January 1, 2010 by USA Post
Joe Paterno:The perception exists that Big Ten football teams are built for power and play a plodding, methodical style, and Southeastern Conference teams are built for speed with more wide-open varieties of offense.
Or maybe it doesn’t.
“I’ve never been a guy for generalizations,” Penn State coach Joe Paterno said yesterday. “It’s a football game – who puts the football on the ground, who has penalties in key situations, things like that.”
Maybe Paterno is right. The differences in styles these days may not be as drastic as in the past. When the Nittany Lions and LSU finally get it on today in the Capital One Bowl, there will be fast players wearing blue and white, and powerful players wearing Tiger purple.
Even so, the Lions must play fundamentally sound football to make sure an LSU player doesn’t flash by them into the clear to make a big play that could decide the outcome.
“I think we have good speed on defense,” Penn State defensive coordinator Tom Bradley said. “Do we have great speed? Who knows? Playing this kind of speed, we have to make sure that we take the proper angles in pursuit.
“But the one thing is, we don’t get those looks from our scout team. The angles are going to change really quickly come 1 o’clock [today]. That’s where we really have to be careful. It’s going to come down to tackling well, no big plays, no dumb penalties.”
The Tigers have the fastest player in college football in 5-foot-5 Trindon Holliday, a versatile offensive player and outstanding return man, and one of the fastest in freshman Russell Shepard, a running back who also may see action in a Wildcat formation.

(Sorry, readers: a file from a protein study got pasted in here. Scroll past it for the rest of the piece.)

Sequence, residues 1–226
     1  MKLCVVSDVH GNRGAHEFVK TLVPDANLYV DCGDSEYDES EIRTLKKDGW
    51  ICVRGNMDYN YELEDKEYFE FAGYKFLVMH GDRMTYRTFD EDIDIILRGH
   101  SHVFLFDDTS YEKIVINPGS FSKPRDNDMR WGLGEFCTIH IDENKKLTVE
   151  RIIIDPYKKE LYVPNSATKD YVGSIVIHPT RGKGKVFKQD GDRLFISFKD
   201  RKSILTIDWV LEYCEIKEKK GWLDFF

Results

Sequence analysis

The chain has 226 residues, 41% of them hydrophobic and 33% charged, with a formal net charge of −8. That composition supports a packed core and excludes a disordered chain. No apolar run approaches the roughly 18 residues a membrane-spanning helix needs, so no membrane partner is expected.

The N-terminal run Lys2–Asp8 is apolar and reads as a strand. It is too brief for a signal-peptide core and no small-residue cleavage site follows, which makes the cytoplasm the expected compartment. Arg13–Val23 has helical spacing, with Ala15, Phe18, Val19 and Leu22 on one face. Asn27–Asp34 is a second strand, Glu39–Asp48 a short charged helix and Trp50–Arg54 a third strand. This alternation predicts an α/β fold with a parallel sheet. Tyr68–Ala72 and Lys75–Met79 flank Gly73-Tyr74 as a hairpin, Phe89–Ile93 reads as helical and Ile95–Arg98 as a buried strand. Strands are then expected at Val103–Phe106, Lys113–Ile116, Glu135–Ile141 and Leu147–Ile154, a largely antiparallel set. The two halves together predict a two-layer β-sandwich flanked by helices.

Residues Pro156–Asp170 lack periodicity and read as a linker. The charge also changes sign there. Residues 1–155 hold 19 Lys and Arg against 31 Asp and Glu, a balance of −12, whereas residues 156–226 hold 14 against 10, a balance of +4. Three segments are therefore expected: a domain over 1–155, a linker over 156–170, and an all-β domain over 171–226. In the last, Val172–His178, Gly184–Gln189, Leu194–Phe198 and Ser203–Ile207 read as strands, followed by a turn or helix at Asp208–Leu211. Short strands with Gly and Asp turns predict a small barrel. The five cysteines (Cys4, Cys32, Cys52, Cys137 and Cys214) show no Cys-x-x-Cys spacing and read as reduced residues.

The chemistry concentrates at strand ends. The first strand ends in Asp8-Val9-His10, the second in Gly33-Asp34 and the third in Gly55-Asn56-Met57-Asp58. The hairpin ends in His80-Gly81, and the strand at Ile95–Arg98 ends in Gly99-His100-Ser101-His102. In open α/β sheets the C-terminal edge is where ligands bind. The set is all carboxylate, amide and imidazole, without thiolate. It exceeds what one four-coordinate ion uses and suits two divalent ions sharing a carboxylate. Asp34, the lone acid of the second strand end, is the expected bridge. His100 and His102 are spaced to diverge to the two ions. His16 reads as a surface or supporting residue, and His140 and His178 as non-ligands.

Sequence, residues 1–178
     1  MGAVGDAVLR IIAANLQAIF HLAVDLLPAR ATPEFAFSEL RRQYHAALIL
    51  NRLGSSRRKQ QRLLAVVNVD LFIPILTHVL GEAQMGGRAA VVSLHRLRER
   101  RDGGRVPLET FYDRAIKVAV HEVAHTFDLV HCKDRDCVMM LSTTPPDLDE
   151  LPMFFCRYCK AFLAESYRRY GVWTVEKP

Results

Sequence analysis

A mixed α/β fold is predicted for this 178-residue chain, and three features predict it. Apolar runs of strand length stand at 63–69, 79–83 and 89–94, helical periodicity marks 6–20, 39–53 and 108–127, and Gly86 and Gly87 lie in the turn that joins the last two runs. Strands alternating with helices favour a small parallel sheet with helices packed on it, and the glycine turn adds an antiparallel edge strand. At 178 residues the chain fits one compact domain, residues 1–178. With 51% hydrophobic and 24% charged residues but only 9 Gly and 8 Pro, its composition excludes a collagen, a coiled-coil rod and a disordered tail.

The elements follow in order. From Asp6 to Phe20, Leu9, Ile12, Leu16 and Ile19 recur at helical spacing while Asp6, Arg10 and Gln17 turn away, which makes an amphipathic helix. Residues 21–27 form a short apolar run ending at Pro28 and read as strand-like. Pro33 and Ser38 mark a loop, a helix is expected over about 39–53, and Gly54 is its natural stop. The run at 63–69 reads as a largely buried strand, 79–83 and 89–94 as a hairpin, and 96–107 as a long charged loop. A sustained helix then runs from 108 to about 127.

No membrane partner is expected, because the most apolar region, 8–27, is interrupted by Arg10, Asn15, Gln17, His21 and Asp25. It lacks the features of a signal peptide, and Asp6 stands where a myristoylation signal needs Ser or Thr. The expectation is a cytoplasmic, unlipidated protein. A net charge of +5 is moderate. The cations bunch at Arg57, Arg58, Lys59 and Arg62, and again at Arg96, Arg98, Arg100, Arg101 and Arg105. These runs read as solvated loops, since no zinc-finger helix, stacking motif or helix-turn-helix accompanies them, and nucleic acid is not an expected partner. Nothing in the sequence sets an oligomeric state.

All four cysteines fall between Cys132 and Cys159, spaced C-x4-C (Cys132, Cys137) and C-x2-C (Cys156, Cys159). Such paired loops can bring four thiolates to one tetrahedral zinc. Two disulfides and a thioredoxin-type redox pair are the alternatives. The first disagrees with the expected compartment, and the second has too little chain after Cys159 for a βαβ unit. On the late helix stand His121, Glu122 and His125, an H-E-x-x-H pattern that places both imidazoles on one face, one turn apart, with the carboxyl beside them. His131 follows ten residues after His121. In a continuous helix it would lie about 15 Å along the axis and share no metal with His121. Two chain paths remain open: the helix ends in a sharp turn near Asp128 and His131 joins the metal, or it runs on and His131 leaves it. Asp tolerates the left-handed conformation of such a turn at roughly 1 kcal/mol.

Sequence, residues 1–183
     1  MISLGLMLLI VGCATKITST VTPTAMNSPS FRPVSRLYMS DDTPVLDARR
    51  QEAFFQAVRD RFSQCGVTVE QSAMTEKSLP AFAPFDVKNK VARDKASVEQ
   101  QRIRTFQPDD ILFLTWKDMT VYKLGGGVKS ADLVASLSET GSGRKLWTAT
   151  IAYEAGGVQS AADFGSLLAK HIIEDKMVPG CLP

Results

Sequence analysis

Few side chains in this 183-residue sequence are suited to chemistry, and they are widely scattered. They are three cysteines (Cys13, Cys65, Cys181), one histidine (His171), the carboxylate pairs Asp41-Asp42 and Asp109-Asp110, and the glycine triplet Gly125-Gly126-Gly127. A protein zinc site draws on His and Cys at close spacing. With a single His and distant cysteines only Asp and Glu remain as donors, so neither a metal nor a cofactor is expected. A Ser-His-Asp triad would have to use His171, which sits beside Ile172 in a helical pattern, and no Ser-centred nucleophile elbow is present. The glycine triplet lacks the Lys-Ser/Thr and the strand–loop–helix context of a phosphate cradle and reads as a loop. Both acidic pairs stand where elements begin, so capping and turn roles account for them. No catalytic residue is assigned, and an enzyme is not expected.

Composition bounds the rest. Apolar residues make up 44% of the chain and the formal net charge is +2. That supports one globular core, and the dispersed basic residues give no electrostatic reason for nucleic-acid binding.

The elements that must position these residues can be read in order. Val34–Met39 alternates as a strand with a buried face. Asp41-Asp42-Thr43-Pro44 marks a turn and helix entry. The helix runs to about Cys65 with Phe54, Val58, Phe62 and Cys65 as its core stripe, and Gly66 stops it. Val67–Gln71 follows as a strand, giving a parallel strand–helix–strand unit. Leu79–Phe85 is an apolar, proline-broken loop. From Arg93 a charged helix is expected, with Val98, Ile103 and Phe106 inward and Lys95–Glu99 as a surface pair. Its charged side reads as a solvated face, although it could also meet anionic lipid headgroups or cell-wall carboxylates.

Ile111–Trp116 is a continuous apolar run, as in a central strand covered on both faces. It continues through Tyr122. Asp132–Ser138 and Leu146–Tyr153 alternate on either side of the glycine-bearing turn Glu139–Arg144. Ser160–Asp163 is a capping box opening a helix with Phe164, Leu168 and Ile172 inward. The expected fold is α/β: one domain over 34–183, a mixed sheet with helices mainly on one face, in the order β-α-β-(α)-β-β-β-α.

They also have speedy and tall receivers in Brandon LaFell and Terrance Tolliver, who combined for 99 catches and will put a lot of heat on Penn State’s secondary.
But the Lions love a challenge, and linebacker Navorro Bowman said they are more than up to it.
“The talk going around is that we can’t handle speed, or the Big Ten can’t handle speed,” Bowman said. “I beg to differ. I think our guys on defense can run with the best and we’re going to try to show them that.”
The Nittany Lions don’t lack for speed on offense, either. Receivers Derek Moye (a state high school track champion) and Chaz Powell and backup tailback Stephfon Green (recruited by LSU for track) can run with the best of them.
“I see speed on Penn State’s team, certainly at receiver and quarterback, and in their secondary,” LSU coach Les Miles said. “I think their linebackers are very capable.”
Of course, it also matters what happens in the trenches, and if statistics are any realistic indicator, Penn State could have an advantage there.
For all LSU’s speed and talent, the Tigers finished just 108th among 120 FBS schools in total offense. They suffered 35 sacks and 75 tackles for losses, as compared with 16 and 48 for the Nittany Lions.
Sophomore quarterback Jordan Jefferson, who was praised by Paterno yesterday as “a very gifted athlete,” has a tendency to hold the football too long and take a sack. The Lions, who ranked in the Top 10 nationally in total defense and points allowed, hope to use that to their advantage.
Daryll Clark gives Penn State an experience edge at quarterback but Clark has played poorly in two games against ranked teams this season, going a combined 24 of 60 for 323 yards and four interceptions in losses to Iowa and Ohio State.
“It’s always been about the W,” Clark said. “If you’re able to move the ball well and put up points, and our defense is going to make plays for us as well, then you’re going to win the football games and let the opinions fall where they may.”
Another problem in the two losses were poor special-teams play. The Lions allowed a blocked punt to be returned for a touchdown against Iowa, and punt returns of 41 and 45 yards by Ohio State’s Ray Small, both of which led to TDs.
Paterno has stressed special teams during his team’s entire Florida stay. The Lions also have tried to shore up other areas to try to neutralize the LSU speed, which the coach acknowledges is a concern.
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